UN Population Division, Department of Economic and Social Affairs,
with support from the UN Population Fund (UNFPA)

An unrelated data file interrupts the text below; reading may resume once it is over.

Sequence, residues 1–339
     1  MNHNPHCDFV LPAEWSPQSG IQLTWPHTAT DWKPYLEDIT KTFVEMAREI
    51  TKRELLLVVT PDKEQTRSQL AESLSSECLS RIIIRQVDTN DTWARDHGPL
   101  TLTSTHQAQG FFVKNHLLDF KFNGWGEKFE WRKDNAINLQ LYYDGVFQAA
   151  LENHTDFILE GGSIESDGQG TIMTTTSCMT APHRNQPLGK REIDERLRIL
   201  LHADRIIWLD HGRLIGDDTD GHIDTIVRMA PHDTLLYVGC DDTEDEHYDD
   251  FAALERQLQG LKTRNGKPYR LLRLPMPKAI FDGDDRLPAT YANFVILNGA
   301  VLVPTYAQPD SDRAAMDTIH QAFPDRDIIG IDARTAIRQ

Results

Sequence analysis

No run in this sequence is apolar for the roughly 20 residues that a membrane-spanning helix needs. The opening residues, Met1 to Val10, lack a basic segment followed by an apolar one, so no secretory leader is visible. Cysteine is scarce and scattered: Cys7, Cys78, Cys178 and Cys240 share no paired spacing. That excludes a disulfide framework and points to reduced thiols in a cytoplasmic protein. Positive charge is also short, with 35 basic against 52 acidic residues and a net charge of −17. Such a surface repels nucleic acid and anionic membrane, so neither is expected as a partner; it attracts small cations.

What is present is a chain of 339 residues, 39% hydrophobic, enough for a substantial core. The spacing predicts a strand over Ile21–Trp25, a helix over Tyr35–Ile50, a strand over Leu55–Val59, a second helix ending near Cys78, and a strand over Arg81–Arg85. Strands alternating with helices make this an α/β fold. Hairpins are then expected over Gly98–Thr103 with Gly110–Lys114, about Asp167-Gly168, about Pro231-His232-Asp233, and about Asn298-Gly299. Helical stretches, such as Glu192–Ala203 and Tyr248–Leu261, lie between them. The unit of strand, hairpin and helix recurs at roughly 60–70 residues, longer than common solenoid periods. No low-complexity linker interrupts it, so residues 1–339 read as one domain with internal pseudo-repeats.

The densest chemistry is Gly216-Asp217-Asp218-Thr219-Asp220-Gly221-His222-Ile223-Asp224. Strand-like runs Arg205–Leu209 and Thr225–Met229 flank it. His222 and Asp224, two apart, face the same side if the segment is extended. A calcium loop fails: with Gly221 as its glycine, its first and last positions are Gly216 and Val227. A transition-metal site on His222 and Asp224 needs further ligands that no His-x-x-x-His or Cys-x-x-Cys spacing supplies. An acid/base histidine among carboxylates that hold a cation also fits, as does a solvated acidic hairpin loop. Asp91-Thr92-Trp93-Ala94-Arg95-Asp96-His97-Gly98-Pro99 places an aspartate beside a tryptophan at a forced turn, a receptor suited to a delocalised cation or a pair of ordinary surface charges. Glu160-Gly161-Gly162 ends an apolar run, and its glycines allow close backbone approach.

************************************************************************ The electronic preparation of this document has been done by the Population Information Network(POPIN) of the United Nations Population Division in collaboration with the United Nations Development Programme ************************************************************************ AS WRITTEN STATEMENT BY MR. SABAH BAKJAJI EXECUTIVE SECRETARY OF ESCWA AT THE OPENING OF THE INTERNATIONAL CONFERENCE ON POPULATION AND DEVELOPMENT CAIRO. 5-13 SEPTEMBER 1994 (Translation from Arabic) Your Excellency President Hosny Mubarak, Majesties and Excellencies, The Secretary-General of the United Nations, The Executive Director of the United Nations Population Fund, Distinguished heads and members of delegations, Ladies and gentlemen. It is a source of pleasure that the present Conference is being held under the patronage of President Mohammad Hosny Mubarak, here in Cairo, the hospitable Arab capital, always keen to develop cooperation in every field, with the participation of this august gathering of decision-makers, high-level officials, experts and others concerned with various questions of population, development and environment, here to consult with each other and discuss and exchange views in the hope of reaching a framework that would help to establish the organic bond between these basic questions, by better understanding them and identifying their interrelations and impact so as to assist the countries and the peoples of the world to address problems, meet challenges and find solutions more effectively and more successfully. This Conference is taking place under extremely complicated international conditions under which the whole world is undergoing many rapid changes and is facing tremendous challenges. Two decades have passed since the International Plan of Action for Population carne into being, and in the most recent years of this period the face of the world has undergone unprecedented changes. Many regimes which were formed in the aftermath of the Second World war have collapsed, and the Cold War era came to an end, making way for a new hope in bringing about a new world based on values and principles which reflect the human tendency towards peace, security, stability, justice and prosperity. However, for some years the international and regional scenes have been undergoing rapid changes which have led to contradictory phenomena. The trend towards establishing large political and economic blocs and enhancing close economic cooperation in some regions and areas was accompanied by a tendency towards fragmentation and the emergence of small countries which had once been Darts of greater countries. While the international community has made intensive efforts to find peaceful solutions to difficult conflicts, the same stage has witnessed the eruption of acute conflicts into destructive wars, some of which are still unfolding. lnasmuch as the downfall of the iron barrier between the West and the East promised to transform the whole world into one society influenced in every part by developments in other parts, economic and environmental disasters as well as political conflicts whose implications transcend boundaries and distances have incited the international will; however, the effectiveness of that will has not been sufficient to deal with the implications of these events for many reasons, and they were not addressed with a consolidated and organized human effort to cope effectively with their dangers. Following the collapse of barriers and walls, and the revolution in telecommunications, human societies have become, whether they like it or not, partners sharing the world, nor can it avoid the fears and concerns which obsess humanity at large; much less can it lend a deaf ear to its hopes and ambitions to establish a new, more secure, more equitable and more human intentional order. Majesties and excellencies, Ladies and gentlemen, Since the First Amman Declaration on Population in the Arab World ten years ago, the Arab region has been undergoing fundamental crises and developments, the most pronounced of which were perhaps the Gulf wars, the launching of the peace process through the historical Madrid Conference as a detente in an age-old conflict, while the region was suffering from acute economic problems of long-term social implications. Such implications included delayed economic and social development; inefficient management of development and resources; an exacerbated debt crisis; increased unemployment and inflation rates; increased numbers of poor people and a wider gap between rich and poor; inefficient satisfaction of the basic needs of the individual; limited participation of women in social and political life; increased population growth rates and intensive migration to urban areas. Furthermore, the Gulf crises and conflicts have brought about new problems for some countries of the region. Some Arab countries have been exposed to economic losses, being compelled to accommodate waves of returnees, which put pressure on their social, health, educational and housing services. Returnees to some of the labour-exporting countries have also had an impact on the structure of the labour force in host countries, which resulted in the exacerbation of the economic crisis and led most countries of the region to find solutions through market economies and privatization; through the adjustment of the structural imbalance of their economy; the adoption of reform and adjustment programmes, in addition to making increased efforts in order to improve and enhance the management of development so that it will comprehend increased integration of housing, social, economic, cultural and environmental aspects and to make it sustainable and filled with justice and good for all. Moreover, the increased attention given to population issues in terms of their relation to development and resources resulted in the materialization of many achievements in the Arab world in general and in ESCWA member countries in particular. However, these countries are still facing many challenges related to the population aspect. Despite the decreasing trend in population growth rates from the present 29 per thousand, the present population of the Arab world, 240 million, is expected to increase, under prevailing growth rates, to 300 million at the beginning of the next century, and to about half a billion in 2030. This growth rate is considered high compared to the world rate and to growth retes in other regions of the world Despite the remarkable progress achieved by the countries of the region in reducing fertility and child mortality rates as a result of improved health, education, mother- and child-care services, more progress is still possible in this field as population projections indicate the possible reduction of overall fertility rates from their present level of approximately six, to only three children for each woman by the end of the first quarter of the coming century, with an expected reduction in infant mortality rate from its present level of 68 per thousand to less than 50 per thousand during the same period. The main features of population structure and distribution in the Arab States in general, and in the ESCWA region in particular, still need to be considered with more attention in view of their implications for development, the quality of life and the standard of living. The percentage of youth in this region is high but varies from one country to another, from 42 to 52 per cent, which means a lower participation of the population in the labour force and consequently higher dependency rates .In additionassin, there is an uneven distribution of the population which concentrates. mainly in cities and limited geographical areas. The problem of the concentration of the population in cities and the rapid and random urbanization created by internal migration and the displacement factors from rural areas constitute one of the reasons behind the depletion of available resources; service and environmental deterioration; the emergence of "misery belts" which are spreading in a number of Arab capitals, carrying the menace of epidemics; food insufficiency; higher accident rates and the spread of narcotics and crime. Moreover, higher internal migration rates in countries of the region result in the depletion of rural human resources and in a lower rural contribution to production and development. For economic and political reasons our region is one of the most susceptible to influence by other kinds of migration, including the external migration of Arab skills, the migration and forced migration of Arab citizens from Palestine to neighbouring countries and the immigration of Asian labour to some countries of the region, in addition to population movements among various countries of the region. These types and patterns of migration constitute a challenge to the potentials of these countries as well as to the economic and social planning and development in those countries. Excellencies, Ladies and gentlemen, In the light of these population and developmental realities, and out of the conviction that the population question is at the core of the sustainable development process based on its mutually influential relation to resources and environment, its direct link to stability, security and peace, the ministerial Arab Population Conference was held in April 1993, jointly organized by the Economic and Social Commission for Western Asia, the League of Arab States and the United Nations Population Fund, in order to meet social, economic and political material and moral needs. The meeting was attended by a great number of observers representing non-Arab States and governmental and non- governmental regional and international organizations in preparation for this important international conference with a view to reaching an opinion conducive to an Arab position regarding the population question and its interrelation with the requirements of sustainable development. Out of the afore-mentioned Arab conference came "The Second Amman Declaration on Population and Development in the Arab World" containing goals which the Arab countries hope to achieve during the coming stage, at the forefront of which were adequate population growth rates, a geographical distribution more suitable for sound developmental and environmental requirements, the minimization of mortality rates, the improvement of family planning and protection and mother- and child-care services, the development of integrated population policies, programmes and activities within continuous and advanced developmental efforts, giving priority to human development, including the improvement of population characteristics, the provision of various population needs, namely food, health care, eradication of illiteracy, education, productive education, equitable income distribution, basic goods and vital services, the development of women and the enhancement of their status and role in socio-economic and political life, paying attention to disabled persons, strengthening popular participation and protecting human rights. Ladies and gentlemen, The countries of the ESCWA region are facing a most important challeng: the challenge of peace; and depending on how they meet it, a new future will take shape in the region. These countries will identify their ability to face their social, economic, environmental and cultural problems and cope with the implications of such problems. Peace will not satisfy the aspirations of the peoples of the region unless it is associated with justice, the preservation of basic human rights, the maintenance of public freedoms and human dignity, the improvement of the quality of life and the standard of living and the abolition of all forms of segregation and discrimination . Thus, the Declaration emphasized that a just peace was a prerequisite for the achievement of a comprehensive and sustainable development, that human development was the springboard for any effort to achieve a better standard of welfare and socio-economic progress. The achievement of justice and the protection of human rights are a reflection of general principles to be adopted by population policies. The Arab position on the population question, expressed by the Second Amman Declaration, included specific recommendations which constitute, in their totality, a comprehensive assessment of the development of population and environmental conditions over the past two decades, in addition to the identification of a plan of action for the future. Undoubtedly, the importance of recommendations, plans of action and data resulting from regional and international population conferences, including this one, depends on the extent to which they relate to reality, the extent of their objectivity in tackling problems and the extent to which they are realistic in meeting challenges which face our societies. It depends equally on the sincere will, the commitment of Governments and national governmental and non-governmental organizations as well as on all concerned with their implementation and follow-up. It also depends on serious action to incorporate population issues in the core of planning operations and in all aspects of life, including socio-economic activities aimed at developing human life through a renewable development process in order to elevate our countries, our societies and peoples to the level of the present time and its challenges, which requires consolidated efforts to achieve a life that enjoys more security, freedom, justice and prosperity. I wish success to our conference, and may the Almighty guide our steps on the way to the good. Thank you.